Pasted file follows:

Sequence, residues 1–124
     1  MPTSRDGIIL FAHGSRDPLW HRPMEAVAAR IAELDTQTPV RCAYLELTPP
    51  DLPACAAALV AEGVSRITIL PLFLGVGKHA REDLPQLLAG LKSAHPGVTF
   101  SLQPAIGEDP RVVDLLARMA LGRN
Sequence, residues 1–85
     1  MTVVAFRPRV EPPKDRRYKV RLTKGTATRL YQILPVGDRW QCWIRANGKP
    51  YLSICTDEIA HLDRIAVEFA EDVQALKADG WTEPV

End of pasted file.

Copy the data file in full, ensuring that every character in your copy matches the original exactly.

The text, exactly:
Sequence, residues 1–124
     1  MPTSRDGIIL FAHGSRDPLW HRPMEAVAAR IAELDTQTPV RCAYLELTPP
    51  DLPACAAALV AEGVSRITIL PLFLGVGKHA REDLPQLLAG LKSAHPGVTF
   101  SLQPAIGEDP RVVDLLARMA LGRN
Sequence, residues 1–85
     1  MTVVAFRPRV EPPKDRRYKV RLTKGTATRL YQILPVGDRW QCWIRANGKP
    51  YLSICTDEIA HLDRIAVEFA EDVQALKADG WTEPV